During the second part of the planning, after finishing the estimation of user stories, the team needs to decide what is the commitment for the next sprint. Of course, the velocity of previous sprints is a good guidance, but there are also other things to consider. When a team is new to agile (as I stated in the beginning of this post), team members might feel a bit insecure to quickly decide how many stories they should commit to. Also, when competencies are not evenly spread in the team and team members are more specialized in some technical areas, this is a not-so-bad practice to make sure that everyone’s work capacity is fully covered.
As a Scrum Master or Agile Coach, grab several flipchart paper sheets and, using a marker, divide each of them vertically by the number of weeks of your sprint. Also divide them horizontally in 2 or 3 columns. Each team member will get one column, so make sure that you have enough flipchart sheets with columns for everyone. Stick the flipchart sheets on a wall, to create a big “calendar”.
Ask the team members to write their names on top of a column. If there are some stable sub-teams that are usually working together, they might use adjacent columns. Then ask them to grab some post-its and to write the stories that they will take care of2, and stick the post-its on the flipchart, in their own column. First story they will handle should be on the top of the column, the next should be lower, on an imaginary row that corresponds to the day of the sprint when that story is supposed to be started. For a team of nine members and a three-week sprint it should something like this (imagine that the yellow post-its are user stories and/or technical tasks):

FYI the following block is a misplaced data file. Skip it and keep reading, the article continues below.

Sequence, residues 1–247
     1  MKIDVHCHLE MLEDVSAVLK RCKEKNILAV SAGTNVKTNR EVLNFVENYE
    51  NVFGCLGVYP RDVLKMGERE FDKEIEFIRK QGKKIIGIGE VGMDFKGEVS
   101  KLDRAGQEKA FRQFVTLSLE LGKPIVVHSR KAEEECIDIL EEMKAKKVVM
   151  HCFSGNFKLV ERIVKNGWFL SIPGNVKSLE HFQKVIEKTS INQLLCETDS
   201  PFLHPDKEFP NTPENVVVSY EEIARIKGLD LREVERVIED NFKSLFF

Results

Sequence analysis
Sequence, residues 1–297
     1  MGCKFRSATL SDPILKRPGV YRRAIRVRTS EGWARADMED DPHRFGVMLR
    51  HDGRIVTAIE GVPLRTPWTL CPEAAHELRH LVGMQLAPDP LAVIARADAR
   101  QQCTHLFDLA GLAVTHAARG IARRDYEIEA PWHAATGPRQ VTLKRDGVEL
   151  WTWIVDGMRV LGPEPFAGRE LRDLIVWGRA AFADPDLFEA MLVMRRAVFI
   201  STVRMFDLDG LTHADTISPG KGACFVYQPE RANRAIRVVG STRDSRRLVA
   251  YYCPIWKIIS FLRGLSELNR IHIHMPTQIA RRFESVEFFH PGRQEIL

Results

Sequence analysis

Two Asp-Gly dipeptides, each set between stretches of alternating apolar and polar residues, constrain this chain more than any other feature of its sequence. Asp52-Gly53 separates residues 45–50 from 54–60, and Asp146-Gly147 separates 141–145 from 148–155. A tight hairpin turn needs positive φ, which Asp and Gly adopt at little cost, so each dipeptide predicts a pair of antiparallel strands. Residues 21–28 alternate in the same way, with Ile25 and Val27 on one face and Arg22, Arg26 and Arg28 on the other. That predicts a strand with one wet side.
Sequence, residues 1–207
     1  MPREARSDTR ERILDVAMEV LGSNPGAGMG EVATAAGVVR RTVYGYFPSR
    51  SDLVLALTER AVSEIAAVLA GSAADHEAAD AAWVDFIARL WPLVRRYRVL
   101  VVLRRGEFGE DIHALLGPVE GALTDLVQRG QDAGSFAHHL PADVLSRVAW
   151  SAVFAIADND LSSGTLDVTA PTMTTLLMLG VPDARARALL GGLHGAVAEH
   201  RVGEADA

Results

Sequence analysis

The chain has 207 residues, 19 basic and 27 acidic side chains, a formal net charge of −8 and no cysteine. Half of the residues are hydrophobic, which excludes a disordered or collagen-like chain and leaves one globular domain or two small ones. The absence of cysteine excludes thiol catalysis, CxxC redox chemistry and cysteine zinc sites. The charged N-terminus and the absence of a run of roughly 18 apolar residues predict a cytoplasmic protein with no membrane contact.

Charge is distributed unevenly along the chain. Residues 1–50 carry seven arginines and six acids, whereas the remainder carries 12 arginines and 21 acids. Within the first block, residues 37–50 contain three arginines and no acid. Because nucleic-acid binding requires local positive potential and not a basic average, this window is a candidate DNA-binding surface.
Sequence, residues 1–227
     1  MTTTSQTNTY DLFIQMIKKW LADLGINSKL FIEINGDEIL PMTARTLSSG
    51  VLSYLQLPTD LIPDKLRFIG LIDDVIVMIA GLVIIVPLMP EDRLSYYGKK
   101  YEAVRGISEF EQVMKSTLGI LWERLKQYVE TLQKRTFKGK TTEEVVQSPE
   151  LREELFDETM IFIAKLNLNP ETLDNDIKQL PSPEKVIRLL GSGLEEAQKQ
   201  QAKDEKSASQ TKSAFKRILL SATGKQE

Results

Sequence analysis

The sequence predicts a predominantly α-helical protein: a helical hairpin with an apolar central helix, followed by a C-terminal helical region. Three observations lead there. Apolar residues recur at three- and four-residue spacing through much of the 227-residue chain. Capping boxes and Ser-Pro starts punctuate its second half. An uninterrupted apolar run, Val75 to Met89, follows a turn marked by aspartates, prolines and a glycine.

Some agile evangelists may say that this is not the spirit of Scrum. They would be right, academically speaking. Some may even call this an infamous planning tool, reminding about the waterfall approach. To a certain point, it’s true. But I don’t think that waterfall project management is evil. I think that all kinds of project management are sets of tools that you use for a purpose. And this particular one I consider to be a very practical tools that helps a team to move toward agile, because:
- it gives the team members a smooth transition from the former processes to agile process, through a temporary compromise;
- it helps the team members to learn what commitment really means;
- it helps the team members to learn how to assess their capacity as accurate as possible;
- it helps the team members to coördinate tandems activities so the team capacity is fully used;
- it shows to everyone what self-organization actually is;
- it promotes transparency and visibility;
- is provides a very good additional guidance for daily scrums, where everyone can position his current status against the initial estimation;
- it helps the PO (the former project manager) to resist the temptation of “innocent” interference within the assignment of tasks and stories;
- it reassures the PO (the former project manager) that the commitment is realistic, through a tool that (s)he easily understands;
- it builds trust between PO (the former project manager) and the development team.
Should the team stop at a certain point in time to practice that? Of course. Because is a temporary compromise. When? The sooner, the better. When most of these goals where reached. When the larve is ready to become a butterfly.
- One valid reason that I frequently encounter is the uneven distribution of knowledge and competence inside the team. Some tasks can be executed only by some team members. Until they learn from each other, eg. through pair programming, the only option to continue delivering is to assign the right tasks to the right persons. [↩]
- They should select them from the ones prioritized by the PO and estimated by the team. [↩]